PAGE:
“Do not despise the Edomite, for he is your brother; do not despise the Egyptian,
for you were a stranger in his land.” (Deuteronomy 23:9)
Parashat Ki Teitzei incudes the case of the ben sorer umoreh, the wayward and rebellious son who is brought before the town elders, accused, convicted, and executed (Deut. 21:18-21). It is a difficult story; the image of parents condemning their child to death by stoning is disturbing. But it may be the foundation of the JCCs approach to Jewish living and learning.
The rabbis interpret the verses literally to make it impossible to ever convict a child for such behavior. Ki Teitzei states: “If a man has a wayward and rebellious son…” (Deut. 21:18) So the rabbis exclude girls from this edict. Then they conclude a son of a man is a child, and children are not accountable for the mitzvot, or commandments, eliminating another demographic. And if son means a boy, once he grows past puberty he becomes a man, so the law does not apply. And on and on (Babylonian Talmud Sanhedrin 68b). In the end, the rabbis conclude there never was such a son, nor will there ever be (Babylonian Talmud Sanhedrin 71a), a wonderful conclusion.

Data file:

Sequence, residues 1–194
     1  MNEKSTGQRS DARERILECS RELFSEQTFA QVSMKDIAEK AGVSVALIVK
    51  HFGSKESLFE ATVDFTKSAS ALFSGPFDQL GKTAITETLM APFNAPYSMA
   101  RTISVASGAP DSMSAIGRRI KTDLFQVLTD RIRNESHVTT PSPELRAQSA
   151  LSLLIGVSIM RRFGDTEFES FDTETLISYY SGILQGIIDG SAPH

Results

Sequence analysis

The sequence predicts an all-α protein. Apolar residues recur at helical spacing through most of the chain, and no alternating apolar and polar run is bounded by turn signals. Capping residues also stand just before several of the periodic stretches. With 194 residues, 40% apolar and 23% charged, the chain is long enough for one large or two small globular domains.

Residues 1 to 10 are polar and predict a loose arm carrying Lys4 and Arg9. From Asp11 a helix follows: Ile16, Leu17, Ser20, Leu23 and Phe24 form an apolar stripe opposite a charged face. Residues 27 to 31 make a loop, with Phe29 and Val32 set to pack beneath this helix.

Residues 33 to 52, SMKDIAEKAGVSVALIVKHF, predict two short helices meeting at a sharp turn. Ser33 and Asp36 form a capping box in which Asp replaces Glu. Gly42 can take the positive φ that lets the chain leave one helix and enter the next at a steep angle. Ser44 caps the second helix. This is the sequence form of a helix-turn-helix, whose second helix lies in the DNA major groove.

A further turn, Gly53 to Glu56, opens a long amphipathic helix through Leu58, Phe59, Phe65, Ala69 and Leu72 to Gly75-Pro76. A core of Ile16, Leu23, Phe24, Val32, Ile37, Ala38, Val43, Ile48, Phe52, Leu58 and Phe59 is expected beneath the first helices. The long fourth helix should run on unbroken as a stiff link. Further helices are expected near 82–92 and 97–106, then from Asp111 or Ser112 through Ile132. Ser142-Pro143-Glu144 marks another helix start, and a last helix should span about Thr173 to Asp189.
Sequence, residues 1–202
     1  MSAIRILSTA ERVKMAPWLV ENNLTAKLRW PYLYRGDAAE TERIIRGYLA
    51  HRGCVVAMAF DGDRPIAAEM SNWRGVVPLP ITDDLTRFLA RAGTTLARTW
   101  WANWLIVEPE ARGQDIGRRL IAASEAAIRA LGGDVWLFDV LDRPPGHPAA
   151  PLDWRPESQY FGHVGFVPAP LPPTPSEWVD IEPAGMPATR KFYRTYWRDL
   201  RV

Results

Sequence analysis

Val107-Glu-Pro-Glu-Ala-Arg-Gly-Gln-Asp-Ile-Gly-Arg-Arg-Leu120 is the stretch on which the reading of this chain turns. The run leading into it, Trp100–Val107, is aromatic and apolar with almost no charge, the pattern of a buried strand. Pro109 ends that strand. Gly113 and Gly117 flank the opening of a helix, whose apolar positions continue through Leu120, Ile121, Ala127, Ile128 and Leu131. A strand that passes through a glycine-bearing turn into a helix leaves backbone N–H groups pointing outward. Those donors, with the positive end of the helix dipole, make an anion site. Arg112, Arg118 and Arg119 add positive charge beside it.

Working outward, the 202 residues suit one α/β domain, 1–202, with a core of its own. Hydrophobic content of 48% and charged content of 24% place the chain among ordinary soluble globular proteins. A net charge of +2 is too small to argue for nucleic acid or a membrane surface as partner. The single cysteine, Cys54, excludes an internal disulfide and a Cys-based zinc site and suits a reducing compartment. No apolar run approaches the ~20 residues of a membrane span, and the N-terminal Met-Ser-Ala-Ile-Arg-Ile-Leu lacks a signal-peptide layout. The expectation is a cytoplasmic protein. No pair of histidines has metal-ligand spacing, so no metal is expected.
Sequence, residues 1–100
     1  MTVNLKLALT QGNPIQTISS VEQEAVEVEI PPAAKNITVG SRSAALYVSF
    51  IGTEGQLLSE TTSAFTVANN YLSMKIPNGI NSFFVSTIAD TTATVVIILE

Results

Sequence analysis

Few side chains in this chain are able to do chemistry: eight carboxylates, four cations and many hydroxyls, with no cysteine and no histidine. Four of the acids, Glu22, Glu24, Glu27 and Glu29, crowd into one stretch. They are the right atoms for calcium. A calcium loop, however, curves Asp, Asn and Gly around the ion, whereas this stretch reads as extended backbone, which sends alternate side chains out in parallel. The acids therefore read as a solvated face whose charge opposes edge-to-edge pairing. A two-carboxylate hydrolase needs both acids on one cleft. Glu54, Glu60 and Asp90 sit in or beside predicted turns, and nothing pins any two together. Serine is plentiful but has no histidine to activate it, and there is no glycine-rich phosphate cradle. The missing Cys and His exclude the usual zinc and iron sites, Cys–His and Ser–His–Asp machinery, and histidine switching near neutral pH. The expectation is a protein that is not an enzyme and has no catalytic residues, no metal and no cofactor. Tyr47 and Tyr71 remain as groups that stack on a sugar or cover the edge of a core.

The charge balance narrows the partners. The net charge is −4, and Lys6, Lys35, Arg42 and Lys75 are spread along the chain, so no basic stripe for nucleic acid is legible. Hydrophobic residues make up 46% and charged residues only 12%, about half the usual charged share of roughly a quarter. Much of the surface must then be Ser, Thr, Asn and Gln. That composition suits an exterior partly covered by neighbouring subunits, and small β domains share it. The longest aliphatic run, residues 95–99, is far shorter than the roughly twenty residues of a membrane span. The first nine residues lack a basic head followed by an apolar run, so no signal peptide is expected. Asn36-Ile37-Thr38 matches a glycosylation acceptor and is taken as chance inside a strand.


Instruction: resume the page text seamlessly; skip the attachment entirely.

So we are relieved and take pride in a religion that outlaws capital punishment for…being a boy. But the elimination of the punishment isn’t the rabbis big message; it’s in denying there is a crime to begin with: children can’t fail at being offspring. It’s who they are. This becomes the JCC Movement’s prooftext for learning and learners. Learners can’t fail, because learning isn’t about a single fact, quantity of knowledge, or episode. Learning is innately human and is a lifelong pursuit. Everyone who walks into the J is an accomplished learner.
Gut Shabbos/Shabbat Shalom